West Africa placed on high alert as first case of deadly Ebola-like Marburg virus with 88% fatality rate detected

Authorities are racing to trace anyone who may have been in contact with Marburg, a haemorrhagic virus with a fatality rate as high as 88pc

A highly infectious haemorrhagic virus similar to Ebola has been detected for the first time in West Africa, triggering a rush to identify potential contacts and squash the outbreak before it spreads.

Marburg virus was detected in a male patient in Guinea who has since died, according to the World Health Organization. The pathogen is from the same family of viruses as Ebola, but it has no known vaccines or treatments and a fatality rate as high as 88 per cent. 

The case was detected in the same region that the devastating West Africa Ebola outbreak began in 2013, during which some 11,000 people died
The case was detected in the same region that the devastating West Africa Ebola outbreak began in 2013, during which some 11,000 people died CREDIT: Mohammed Elshamy/Anadolu Agency/Getty Images

The individual sought treatment in the Gueckedou province, a region in southeast Guinea close to both Sierra Leone and Liberia, raising some concerns that it could jump across the borders. 

“The potential for the Marburg virus to spread far and wide means we need to stop it in its tracks,” said Dr Matshidiso Moeti, the WHO’s regional director for Africa, adding that Guinea’s health workers had instigated “quick investigative action”.

“We are working with the health authorities to implement a swift response that builds on Guinea’s past experience and expertise in managing Ebola, which is transmitted in a similar way,” she said.

According to a WHO alert, the man first developed symptoms on July 25, before he attended a small health clinic near his village in a remote forested area on August 1. He died the following day. As of Saturday, all four people identified as high-risk close contacts were asymptomatic.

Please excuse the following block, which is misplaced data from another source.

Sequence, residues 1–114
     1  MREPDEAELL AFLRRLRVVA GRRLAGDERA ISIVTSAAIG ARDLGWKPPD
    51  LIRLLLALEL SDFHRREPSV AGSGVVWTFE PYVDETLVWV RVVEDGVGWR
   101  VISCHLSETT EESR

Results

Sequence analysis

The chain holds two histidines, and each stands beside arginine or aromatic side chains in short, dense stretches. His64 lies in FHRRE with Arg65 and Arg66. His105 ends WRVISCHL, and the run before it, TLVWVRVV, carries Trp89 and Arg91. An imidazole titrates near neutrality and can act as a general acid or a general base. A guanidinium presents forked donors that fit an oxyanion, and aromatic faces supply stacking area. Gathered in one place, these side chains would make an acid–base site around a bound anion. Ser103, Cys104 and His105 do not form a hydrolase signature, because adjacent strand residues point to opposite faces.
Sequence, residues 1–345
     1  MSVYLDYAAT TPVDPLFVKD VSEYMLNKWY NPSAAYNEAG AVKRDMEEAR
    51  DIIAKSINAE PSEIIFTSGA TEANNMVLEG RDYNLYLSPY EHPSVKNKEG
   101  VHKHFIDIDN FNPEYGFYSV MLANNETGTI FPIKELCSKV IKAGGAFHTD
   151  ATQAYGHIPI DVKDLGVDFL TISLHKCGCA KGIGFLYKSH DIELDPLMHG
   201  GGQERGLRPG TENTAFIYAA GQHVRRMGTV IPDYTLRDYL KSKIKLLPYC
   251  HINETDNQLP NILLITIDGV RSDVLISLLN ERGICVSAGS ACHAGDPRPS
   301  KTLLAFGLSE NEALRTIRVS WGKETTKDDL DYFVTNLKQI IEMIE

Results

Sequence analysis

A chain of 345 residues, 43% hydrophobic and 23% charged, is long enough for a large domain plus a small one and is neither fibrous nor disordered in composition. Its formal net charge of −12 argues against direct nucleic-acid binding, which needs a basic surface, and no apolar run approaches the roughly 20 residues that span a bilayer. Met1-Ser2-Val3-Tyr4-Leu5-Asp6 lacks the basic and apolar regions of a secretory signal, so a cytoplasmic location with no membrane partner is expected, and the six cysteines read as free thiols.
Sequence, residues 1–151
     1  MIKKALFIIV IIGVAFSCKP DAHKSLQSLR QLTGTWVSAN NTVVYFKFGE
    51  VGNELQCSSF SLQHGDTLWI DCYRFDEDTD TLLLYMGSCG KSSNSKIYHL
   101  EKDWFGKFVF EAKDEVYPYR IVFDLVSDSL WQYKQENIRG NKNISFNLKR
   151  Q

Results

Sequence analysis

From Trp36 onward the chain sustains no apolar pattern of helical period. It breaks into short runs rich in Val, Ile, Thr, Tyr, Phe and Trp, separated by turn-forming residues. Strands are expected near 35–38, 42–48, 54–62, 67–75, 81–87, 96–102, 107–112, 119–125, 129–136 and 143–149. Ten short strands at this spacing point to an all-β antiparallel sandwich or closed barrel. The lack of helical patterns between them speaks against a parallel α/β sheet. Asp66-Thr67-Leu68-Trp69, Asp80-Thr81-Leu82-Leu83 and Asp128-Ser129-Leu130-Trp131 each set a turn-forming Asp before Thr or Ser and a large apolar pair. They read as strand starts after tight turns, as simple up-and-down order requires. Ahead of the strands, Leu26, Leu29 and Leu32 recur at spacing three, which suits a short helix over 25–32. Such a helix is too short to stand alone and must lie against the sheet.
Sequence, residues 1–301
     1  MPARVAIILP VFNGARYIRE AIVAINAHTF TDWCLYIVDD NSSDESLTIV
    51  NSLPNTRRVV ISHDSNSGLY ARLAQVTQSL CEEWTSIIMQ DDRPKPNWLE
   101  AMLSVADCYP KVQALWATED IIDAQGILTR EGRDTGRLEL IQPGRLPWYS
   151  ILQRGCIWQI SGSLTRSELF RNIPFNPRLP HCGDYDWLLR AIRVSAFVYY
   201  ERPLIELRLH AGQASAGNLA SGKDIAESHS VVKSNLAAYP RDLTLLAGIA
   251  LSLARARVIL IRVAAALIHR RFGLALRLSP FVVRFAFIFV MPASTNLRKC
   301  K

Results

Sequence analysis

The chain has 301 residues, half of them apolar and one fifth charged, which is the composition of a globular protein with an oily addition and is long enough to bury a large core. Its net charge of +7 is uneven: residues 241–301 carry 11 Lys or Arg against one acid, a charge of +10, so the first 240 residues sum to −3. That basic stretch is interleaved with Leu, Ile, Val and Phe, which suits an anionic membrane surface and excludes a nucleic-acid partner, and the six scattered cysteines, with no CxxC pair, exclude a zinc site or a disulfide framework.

Marburg virus was first identified in 1967 during two epidemics that occurred concurrently in Marburg and Frankfurt in Germany, and in Belgrade, Serbia. The outbreak was linked to laboratory work using African green monkeys imported from Uganda. 

In the decades since, sporadic epidemics have been identified in countries including Uganda, the Democratic Republic of the Congo and Kenya. The largest outbreak to date was in Angola in 2005, when 374 caught the virus and 329 died – a fatality rate of 88 per cent.

Marburg is transmitted to people via fruit bats, and spreads between humans through direct contact with the bodily fluids of infected people. In 2018, scientists in Sierra Leone found live bats infected with the virus, but no cases were confirmed in humans. 

Early symptoms include a high fever, severe headache and malaise, and many patients develop a severe haemorrhagic fever within a week. 

The latest outbreak in Guinea comes less than two months after an Ebola outbreak which killed 12 people was declared over. That outbreak was also in Gueckedou province, where the devastating West Africa epidemic from 2014-2016 also began

The WHO said efforts are underway to trace anyone who may have been in contact with the Marburg victim, with health authorities launching communication campaigns and cross-border surveillance systems enhanced. 

“[The] response requires a concerted effort to prevent transmission and protect communities,” said Dr Tedros Adhanom Ghebreyesus, the WHO’s director general. “WHO colleagues have been in the field with local partners since first alerts emerged and will continue to provide all needed support.”

According to Sky News, Symptoms include a high fever and muscle pain, but some patients later suffer bleeding from their eyes and ears. After the male patient sought treatment and died in Gueckedou, the case was confirmed by a laboratory in Guinea and again by the Institut Pasteur in nearby Senegal. Contact tracing is under way, according to the World Health Organization (WHO).

The UN agency added that an initial team of 10 WHO experts were on the ground in Gueckedou, and the positive case has been confirmed both by Guinean labs and the Institut Pasteur in Senegal. 

There are currently no known vaccines or antivirals for Marburg, though several are in development. But supportive care, including rehydration and the treatment of specific symptoms, helps improve survival chances.

Alongside pathogens including Ebola, Zika Lassa fever and ‘Disease X’ – an as yet unidentified disease with pandemic potential – Marburg is listed by the WHO as a top 10 priority diseases,  meaning it is considered to “pose the greatest public health risk”.